Lactose Formula

Lactose Formula

Lactose is a disaccharide, or sugar made up of the subunits of galactose and glucose. Lactose constitutes about 2-8% of milk. The Latin term lac, which means milk, and the suffix -ose, which is used to designate sugars, are the roots of the word lactose. Unsurprisingly, lactose is a white, water-soluble substance. It is used in the food sector. The Lactose Formula is C12H22O11.

Lactose digestion is challenging for the majority of people. To find extensive details about the Lactose Formula, its properties, uses, composition, etc., students can visit the Extramarks website and mobile application.

What is Lactose Formula?

Lactose, a disaccharide sugar found in milk, has the chemical formula C12H22O11.

  • Lactose consists of two monosaccharide molecules, glucose and galactose, connected by a β-glycosidic bond.
  • The structural formula for lactose is given as: β-D-Galactopyranosyl-(1→4)-β-D-glucopyranose
  • The galactose unit is connected to the glucose unit at the fourth carbon atom, forming a β structure.

Lactose Structural Formula

Lactose, a disaccharide sugar present in milk, is made up of two monosaccharide units, glucose and galactose, connected by a β-glycosidic bond.

Within the structure:

  • The left monosaccharide unit is galactose.
  • The right monosaccharide unit is glucose.

The first carbon atom of galactose and the fourth carbon atom of glucose form a β-glycosidic connection.

Properties Of Lactose

The physical and chemical properties of lactose are mentioned below:

Physical Properties of Lactose

  • Lactose is commonly found as a white, odorless, crystalline powder.
  • It may also appear as small, colorless to pale yellow crystals.
  • Lactose is soluble in water, with approximately 18% solubility at room temperature.
  • The solubility of lactose increases with temperature, and it is more soluble in hot water than in cold water.
  • Lactose has a mildly sweet taste, although it is less sweet compared to other sugars such as sucrose.
  • Lactose has a melting point of approximately 202°C (396°F).
  • Lactose is stable under normal storage conditions, but it may degrade over time in the presence of moisture and high temperatures.
  • Lactose solutions have a slightly acidic pH, typically around 6.5 to 7.0

Chemical Properties of Lactose

  • Lactose can be hydrolyzed, which is a chemical reaction in which water separates the lactose molecule into its monosaccharides, glucose and galactose.
  • The hydrolysis reaction can take place under acidic, basic, or enzymatic conditions.
  • Lactose can be fermented by some microbes, specifically lactic acid bacteria.
  • Lactose is digested by bacteria during fermentation, resulting in lactic acid, carbon dioxide, and other byproducts.
  • Lactose can be oxidized under specific conditions, resulting in the creation of lactone molecules and other oxidation products.
  • Lactose is classed as a reducing sugar because it has a free anomeric carbon atom that can be oxidized.
  • Lactose can participate in glycation processes, in which reducing sugars combine with proteins or amino acids to produce glycosylated products.

Preparation of Lactose Formula

  • Lactose occurs naturally in milk, primarily in the form of lactose crystals.
  • To extract lactose from milk, it is first separated into its constituents using techniques such as centrifugation and filtering.
  • The lactose-containing portion is subsequently purified to produce lactose crystals.
  • Isolated lactose crystals may be purified to remove contaminants including proteins, lipids, and minerals.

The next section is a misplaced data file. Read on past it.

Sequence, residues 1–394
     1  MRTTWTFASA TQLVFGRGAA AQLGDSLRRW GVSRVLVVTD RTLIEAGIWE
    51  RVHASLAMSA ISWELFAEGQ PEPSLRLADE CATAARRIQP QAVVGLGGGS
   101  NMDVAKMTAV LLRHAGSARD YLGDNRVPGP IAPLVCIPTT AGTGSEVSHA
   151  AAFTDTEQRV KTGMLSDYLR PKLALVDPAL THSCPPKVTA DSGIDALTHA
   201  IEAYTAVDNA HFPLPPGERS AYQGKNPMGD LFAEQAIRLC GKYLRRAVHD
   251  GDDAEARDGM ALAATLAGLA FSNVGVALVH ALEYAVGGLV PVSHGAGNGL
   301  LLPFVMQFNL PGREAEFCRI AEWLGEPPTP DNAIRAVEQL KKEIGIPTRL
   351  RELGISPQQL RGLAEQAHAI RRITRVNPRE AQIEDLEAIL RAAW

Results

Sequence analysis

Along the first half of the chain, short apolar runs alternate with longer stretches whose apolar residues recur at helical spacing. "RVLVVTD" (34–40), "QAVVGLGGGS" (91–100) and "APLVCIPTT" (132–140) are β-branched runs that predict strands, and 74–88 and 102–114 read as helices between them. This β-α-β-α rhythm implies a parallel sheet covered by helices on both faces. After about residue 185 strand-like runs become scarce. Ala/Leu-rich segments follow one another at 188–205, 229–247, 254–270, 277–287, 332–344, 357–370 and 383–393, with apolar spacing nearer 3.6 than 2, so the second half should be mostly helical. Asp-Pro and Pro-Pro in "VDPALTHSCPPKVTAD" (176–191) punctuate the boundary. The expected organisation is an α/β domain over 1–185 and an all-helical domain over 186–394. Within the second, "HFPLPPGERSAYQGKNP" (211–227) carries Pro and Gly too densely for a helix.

• In industrial settings, lactose can be created by enzymatic hydrolysis of whey, a byproduct of cheese production.
  • Whey, which contains lactose as well as proteins and other components, is processed using lactase, an enzyme that catalyzes lactose breakdown into its monosaccharides, glucose, and galactose.
  • The resulting glucose and galactose mixture can be further processed to obtain lactose.

Uses of Lactose

  • Lactose is used to sweeten a variety of culinary products, including confectionery, baked goods, and dairy desserts.
  • Lactose serves as a bulking agent in powdered food items, adding volume and texture.
  • Lactose adds to the flavor profile of foods and improves the taste of dairy products.
  • Lactose is used in food processing to improve the texture and binding qualities of meat products, cereal bars, and snack foods.
  • Lactose is commonly employed as a filler and binder in tablet formulations to increase bulk, enhance compressibility, and aid in medication dissolution.
  • Dry powder inhalers use lactose as a carrier for pulmonary drug delivery, which aids in medicine dispersion.

Side Effects of Lactose

  • Lactose intolerance can cause bloating, pain, and a feeling of fullness in the abdomen when gas accumulates in the digestive tract.
  • Undigested lactose can ferment in the colon, producing gas (mainly hydrogen, methane, and carbon dioxide), resulting in increased flatulence.
  • Lactose intolerance can cause increased bowel motions, loose stools, and diarrhea as the body tries to remove undigested lactose from the digestive tract.
  • Some people who are lactose intolerant may experience nausea, especially after consuming lactose-containing meals or beverages.
  • In severe cases of lactose intolerance, vomiting can occur due to gastrointestinal discomfort and distress.
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FAQs (Frequently Asked Questions)

1. What is Chemical Name of Lactose?

The chemical name of Lactose is β-D-galactopyranosyl-(1→4)-D-glucose

2. What is the Chemical Formula of Lactose?

The chemical formula for lactose is C12H22O11

3. What is Lactose made of?

Lactose is made of two monosaccharides: D-glucose and D-galactose molecules joined in a β-1,4-glycosidic linkage

4. What is Lactose Intolerance?

Lactose intolerance is inability to digest lactose